The Transport Accident Investigation Commission (TAIC) had ongoing concerns about the performance of a train controller who almost caused a head-on collision near Arthur's Pass, it says.
In a report released today, the commission said the controller had been involved in three operating irregularities in the previous 16 months, and eight incidents between 2008 to 2011.
The commission said the man's fatigue, assumptions and a lack of focus were to blame for the incident involving a passenger train and a utility vehicle near the Otira Gorge in the South Island in June 2013.
The train controller gave technical crew permission to drive onto a rail bridge directly into the path of an oncoming train. He assumed that it had crossed the bridge and failed to verify its location.
The train's driver heard the controller's instruction and stopped within a short distance of the ute.
The report said there were ongoing concerns about the controller's performance and KiwiRail had identified his issues with concentration and focus.
The commission said the role was critical for safety and KiwiRail should not have let him continue in that position.
TAIC chief investigator Tim Burfoot told Checkpoint it had warned KiwiRail about its 24-hour roster system five times since 2010.
"They've been making changes around the fringes, we would call that, but in our opinion they haven't got to the core issues of managing train control and train controllers, and until they do that they're going to have problems."
Mr Burfoot said it was frustrating when safety problems were identified but not properly addressed.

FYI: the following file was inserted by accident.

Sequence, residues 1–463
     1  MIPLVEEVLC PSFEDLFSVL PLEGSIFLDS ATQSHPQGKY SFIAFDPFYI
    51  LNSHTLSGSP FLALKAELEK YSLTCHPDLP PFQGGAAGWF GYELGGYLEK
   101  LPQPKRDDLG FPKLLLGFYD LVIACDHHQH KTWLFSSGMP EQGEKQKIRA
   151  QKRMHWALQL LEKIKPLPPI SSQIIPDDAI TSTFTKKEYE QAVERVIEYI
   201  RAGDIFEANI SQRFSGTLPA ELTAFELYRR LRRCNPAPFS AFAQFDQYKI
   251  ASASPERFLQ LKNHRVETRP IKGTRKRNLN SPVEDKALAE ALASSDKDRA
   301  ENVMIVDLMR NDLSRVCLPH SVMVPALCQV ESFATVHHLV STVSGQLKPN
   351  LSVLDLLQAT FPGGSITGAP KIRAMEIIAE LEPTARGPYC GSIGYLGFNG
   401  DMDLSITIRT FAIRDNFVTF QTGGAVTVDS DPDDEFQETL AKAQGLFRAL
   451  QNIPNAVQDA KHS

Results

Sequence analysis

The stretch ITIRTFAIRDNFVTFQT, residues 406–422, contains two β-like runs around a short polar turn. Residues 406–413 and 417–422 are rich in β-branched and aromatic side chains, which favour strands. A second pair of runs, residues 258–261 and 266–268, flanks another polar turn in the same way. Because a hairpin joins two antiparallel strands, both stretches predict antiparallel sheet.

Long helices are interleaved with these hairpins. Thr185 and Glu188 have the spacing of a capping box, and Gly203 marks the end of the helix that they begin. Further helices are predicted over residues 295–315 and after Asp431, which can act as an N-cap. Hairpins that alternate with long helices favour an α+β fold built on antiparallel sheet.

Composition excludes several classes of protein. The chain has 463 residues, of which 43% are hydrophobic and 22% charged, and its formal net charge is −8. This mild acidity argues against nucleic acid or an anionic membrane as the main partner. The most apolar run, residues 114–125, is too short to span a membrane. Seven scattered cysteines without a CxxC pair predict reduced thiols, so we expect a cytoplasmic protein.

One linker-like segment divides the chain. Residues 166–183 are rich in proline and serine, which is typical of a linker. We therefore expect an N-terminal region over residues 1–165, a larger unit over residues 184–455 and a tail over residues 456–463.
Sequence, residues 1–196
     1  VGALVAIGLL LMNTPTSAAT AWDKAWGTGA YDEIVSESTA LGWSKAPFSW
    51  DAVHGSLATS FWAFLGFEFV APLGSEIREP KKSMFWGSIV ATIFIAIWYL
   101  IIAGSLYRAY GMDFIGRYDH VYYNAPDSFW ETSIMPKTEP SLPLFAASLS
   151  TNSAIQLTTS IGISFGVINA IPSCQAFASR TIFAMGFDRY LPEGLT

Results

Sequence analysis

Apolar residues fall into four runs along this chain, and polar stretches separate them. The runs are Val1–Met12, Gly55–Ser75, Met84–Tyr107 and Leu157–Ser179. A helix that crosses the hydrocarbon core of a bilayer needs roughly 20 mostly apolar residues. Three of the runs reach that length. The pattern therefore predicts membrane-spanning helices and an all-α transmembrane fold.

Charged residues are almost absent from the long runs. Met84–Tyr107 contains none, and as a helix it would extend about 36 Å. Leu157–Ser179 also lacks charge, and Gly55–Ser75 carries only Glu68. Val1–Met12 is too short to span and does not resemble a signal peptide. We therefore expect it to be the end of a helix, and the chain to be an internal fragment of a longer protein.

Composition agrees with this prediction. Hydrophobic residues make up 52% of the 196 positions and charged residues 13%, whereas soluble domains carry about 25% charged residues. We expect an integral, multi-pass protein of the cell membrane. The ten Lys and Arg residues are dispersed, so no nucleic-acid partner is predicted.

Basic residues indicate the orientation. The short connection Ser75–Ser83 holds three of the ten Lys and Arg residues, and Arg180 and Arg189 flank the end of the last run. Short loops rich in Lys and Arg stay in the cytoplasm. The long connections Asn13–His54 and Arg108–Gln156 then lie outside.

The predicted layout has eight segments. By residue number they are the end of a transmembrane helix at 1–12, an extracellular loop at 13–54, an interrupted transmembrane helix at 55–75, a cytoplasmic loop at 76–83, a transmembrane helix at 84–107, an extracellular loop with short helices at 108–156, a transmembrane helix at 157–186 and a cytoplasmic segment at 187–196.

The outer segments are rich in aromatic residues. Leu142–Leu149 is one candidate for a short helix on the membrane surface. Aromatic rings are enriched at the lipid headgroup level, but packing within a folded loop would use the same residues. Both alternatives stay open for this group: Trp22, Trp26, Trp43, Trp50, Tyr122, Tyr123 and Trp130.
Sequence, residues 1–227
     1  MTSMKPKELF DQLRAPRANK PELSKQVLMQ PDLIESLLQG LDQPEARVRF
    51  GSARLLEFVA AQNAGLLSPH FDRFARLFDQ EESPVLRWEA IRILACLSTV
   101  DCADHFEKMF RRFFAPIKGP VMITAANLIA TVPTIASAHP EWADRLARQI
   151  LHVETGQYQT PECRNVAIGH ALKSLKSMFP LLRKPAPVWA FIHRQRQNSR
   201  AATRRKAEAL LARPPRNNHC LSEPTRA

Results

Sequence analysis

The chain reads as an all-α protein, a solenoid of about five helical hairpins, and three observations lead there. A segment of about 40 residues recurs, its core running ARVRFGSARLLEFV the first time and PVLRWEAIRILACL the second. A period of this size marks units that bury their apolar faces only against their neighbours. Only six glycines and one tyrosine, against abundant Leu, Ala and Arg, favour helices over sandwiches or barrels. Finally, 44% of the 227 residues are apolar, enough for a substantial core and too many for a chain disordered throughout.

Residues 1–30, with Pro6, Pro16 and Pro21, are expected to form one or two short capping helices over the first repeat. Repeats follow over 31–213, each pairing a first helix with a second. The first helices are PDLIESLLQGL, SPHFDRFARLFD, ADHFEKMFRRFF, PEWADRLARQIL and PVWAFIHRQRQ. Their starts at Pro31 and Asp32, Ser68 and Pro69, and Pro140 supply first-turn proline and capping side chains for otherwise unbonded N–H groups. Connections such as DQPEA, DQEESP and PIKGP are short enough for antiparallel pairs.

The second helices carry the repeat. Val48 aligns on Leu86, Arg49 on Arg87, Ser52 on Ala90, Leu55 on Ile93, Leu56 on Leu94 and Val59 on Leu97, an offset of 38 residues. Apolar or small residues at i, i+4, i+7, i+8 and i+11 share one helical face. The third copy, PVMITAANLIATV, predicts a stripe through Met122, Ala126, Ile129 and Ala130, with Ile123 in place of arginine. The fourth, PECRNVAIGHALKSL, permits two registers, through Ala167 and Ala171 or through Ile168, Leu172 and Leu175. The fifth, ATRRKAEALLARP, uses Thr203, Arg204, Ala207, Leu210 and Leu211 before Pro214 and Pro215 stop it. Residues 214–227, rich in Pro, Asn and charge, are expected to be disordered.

"... really, the core of those recommendations, the heart of them, is not really being addressed. That's what we've seen in this case."
KiwiRail general manager of infrastructure and asset management David Gordon told Checkpoint that despite what happened, he backed the company's decision to keep the controller working.
"Would I have made the same set of decisions about this guy, in the information we had at the time leading up to him being a controller?
"I've gone through and reviewed the decisions we made on the basis of the evidence we had at that time and I think we made the right decisions."
Train controlling required a high level of focus and concentration, and measures had been enhanced to ensure that staff were rested and mentally alert when at work.
The company had hired more staff and was actively encouraging controllers to tell managers when they were tired, it said.
Rail union organiser Todd Valster said there needed to be a culture change within KiwiRail, so train controllers could speak up about how tired they were.
The union would be involved in a TAIC safety audit, commissioned in the wake of the report.
"They're a very proud and professional group, they work very hard, it's a high-stress job, similar to an air traffic controller, and they have immense responsibilities," he said.
"Sometimes people don't speak up, I suppose, but that's definitely a culture that we'll be working on."